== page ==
Site search

Site menu:

Find Out More

Subscribe to Email Updates

Archives

Categories

Contact Us

Archive for October, 2010

Thursday’s Photo Caption Contest

Rosemary Clooney will star in a remake of the famed “Men who stare at Goats” titled “Women who stare at tables.”

Rosemary Clooney will star in a remake of the famed “Men who stare at Goats” titled “Women who stare at tables.”

The results are in! Our guest judge Tim Walch, director of the Hoover Presidential Library in Iowa, decided that Shannon’s caption takes the prize. “This a wonderful, unexpected, quirky caption-and a great plug for a funny film. Also, we don’t think about Rosemary Clooney enough these days!” he said.

Congratulations, Shannon, you’ve won 30% off at the National Archives eStore! While you won this week’s photo caption contest, this photo’s real caption may take the cake as the longest caption in our holdings. It reads:

Shelby County, Iowa. Informal get-togethers are still very popular in Irwin. Shown here is a group of people playing “Truth and Consequences” at a party given for a boy who is about to be drafted. All the questions used were Biblical. This room is in the basement of the Christian church. The party was preceded by a short prayer, hymn-singing and recitation in the auditorium upstairs. Penalties for those who failed to answer questions correctly were meted out by the minister’s wife. Here, a girl is pushing a bottle top down the table with her nose. All such penalties were answered in good part. A group of ladies took charge of the refreshment quarters. Most of the guests brought something, so that the

[ Read all ]

The orphan called Tokyo Rose

Iva Toguri (Records of US Attorneys, 296678)

Iva Toguri (Records of U.S. Attorneys, ARC 296678, National Archives at San Francisco 118-NCTR-31712-14)

The story of Tokyo Rose is the stuff of legends—an English-speaking Japanese woman who seduced the airwaves of the South Pacific with tales of Japanese success, Allied failures, and honest encouragement to give up the fight and return home. The trouble is, there never was a Tokyo Rose, the name was a GI term used to refer to a variety of female Japanese broadcasters. But that didn’t stop one American woman from being convicted of treason following the war for being the fictitious Tokyo Rose. Her name was Iva Toguri, and she broadcast under the name “Orphan Anne.”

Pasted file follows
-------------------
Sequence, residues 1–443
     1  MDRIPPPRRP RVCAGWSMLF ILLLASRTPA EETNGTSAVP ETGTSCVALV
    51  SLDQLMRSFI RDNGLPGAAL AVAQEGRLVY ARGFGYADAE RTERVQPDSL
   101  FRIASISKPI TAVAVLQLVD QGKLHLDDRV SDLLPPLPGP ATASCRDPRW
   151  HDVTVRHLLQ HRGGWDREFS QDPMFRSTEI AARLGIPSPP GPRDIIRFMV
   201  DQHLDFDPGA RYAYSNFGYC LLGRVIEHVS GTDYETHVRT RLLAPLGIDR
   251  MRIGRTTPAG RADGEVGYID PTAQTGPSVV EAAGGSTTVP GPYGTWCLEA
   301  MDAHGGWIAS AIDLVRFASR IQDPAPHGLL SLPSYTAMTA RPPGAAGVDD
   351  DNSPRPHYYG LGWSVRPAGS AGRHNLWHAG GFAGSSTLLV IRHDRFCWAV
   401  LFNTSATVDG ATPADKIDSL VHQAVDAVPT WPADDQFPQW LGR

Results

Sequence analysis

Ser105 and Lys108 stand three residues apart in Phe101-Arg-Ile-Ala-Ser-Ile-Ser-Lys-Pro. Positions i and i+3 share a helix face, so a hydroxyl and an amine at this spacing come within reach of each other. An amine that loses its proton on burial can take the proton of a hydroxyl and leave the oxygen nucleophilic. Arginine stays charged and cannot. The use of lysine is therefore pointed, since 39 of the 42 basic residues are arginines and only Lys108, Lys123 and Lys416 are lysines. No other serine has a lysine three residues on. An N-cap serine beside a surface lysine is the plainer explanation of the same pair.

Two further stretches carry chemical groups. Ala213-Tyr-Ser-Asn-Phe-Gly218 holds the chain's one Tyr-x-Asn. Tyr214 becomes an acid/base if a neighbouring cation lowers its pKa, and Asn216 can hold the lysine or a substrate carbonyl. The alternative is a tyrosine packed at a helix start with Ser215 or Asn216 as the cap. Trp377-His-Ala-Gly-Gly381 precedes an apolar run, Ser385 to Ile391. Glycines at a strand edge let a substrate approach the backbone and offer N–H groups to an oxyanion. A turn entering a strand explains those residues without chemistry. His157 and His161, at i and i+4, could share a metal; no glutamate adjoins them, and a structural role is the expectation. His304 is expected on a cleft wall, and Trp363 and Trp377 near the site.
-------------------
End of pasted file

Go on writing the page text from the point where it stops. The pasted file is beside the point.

After graduating from UCLA in 1941, Iva Toguri left the United States to visit a sick aunt in Japan. She was set to return to the United States, but didn’t make it before the Japanese bombing of Pearl Harbor.

She became an American stuck in enemy territory. Many Japanese Americans renounced their U.S. citizenship after the bombing of Pearl Harbor to prevent harsh treatment from Imperial Japan. Toguri was a proud American and refused to renounce her citizenship.

She paid the price. Her neighbors threw stones at her and called her a horyo (“POW”). Food rations were so meager she was hospitalized in 1943 with malnutrition.

News from the home front was no … [ Read all ]

Beer = mc2

Albert Einstein's (

Albert Einstein (596270)

In 1885, Munich’s Oktoberfest was celebrated under the glow of the electric light for the first time. Who was responsible for that feat? None other than Albert Einstein himself.

Granted, it may have been his father and uncle who are truly due the credit (Albert was a teetotaling six-year-old at the time), but the math whiz extraordinaire was there checking wiring and ensuring that the Einstein Brothers lights stayed on at the world’s largest fair.

Despite this illuminating achievement, the future was not so bright for the young Einstein or his folks. By 1894, Albert’s uncle and father had mortgaged their home in a bid to grow their flourishing electric company. But the Oktoberfest contract was lost to Siemens, and the Einstein Brothers enterprise fell flat. The family moved to northern Italy to try their luck there, and instructed the  15-year-old Albert to remain in Munich to finish his schooling.

Albert had other ideas. By the next year, Albert had coaxed a doctor to diagnose him with nervous exhaustion which excused him from school (his teacher thought he was a nuisance anyway) and shortly thereafter he arrived on his parent’s doorstep in Italy. By his sixteenth birthday he had written his first essay on theoretical physics, “On the Investigation of the State of the Ether in a Magnetic Field.”

Still, school evaded … [ Read all ]

The price of freedom? About a $1.05

They say you can’t put a price on freedom, but you can put a price on savings bonds! Watch this compilation of famous celebrities plugging savings and stamp bonds, from Mr. Ed and Lassie all the way to the Duke and Bugs Bunny.

[ Read all ]

Before there was broadband, there was a beard

morse

Samuel F.B. Morse, inventor of the telegraph, ca. 1860 - ca. 1865 (ARC 526779)

Long before the push to make high-speed Internet available across America, Samuel Morse was tap-tap-tapping information across America. By 1838, his telegraph machine was using a dot-and-dash system to send messages of up to 10 words a minute. He even convinced Congress to come to up with $30,000 to help him wire America.

Morse was born in 1791, more than 200 hundred years before Twitter was invented. But the telegraph was as radical as Twitter. Morse’s invention was a new, fast method for communicating across distances, and changed the way wars were fought.

Ever wonder how Lincoln communicated with his generals? He certainly wasn’t texting or twittering—but he was telegraphing during the Civil War, giving orders and making decisions. He even received a telegram from General Sherman announcing the surrender of Savannah, GA, as a Christmas present.

Virginia, Petersburg, Field Telegraph Battery Wagon, 09/1864 (ARC 533347)

Virginia, Petersburg, Field Telegraph Battery Wagon, 09/1864 (ARC 533347; 165-SB-73)

[ Read all ]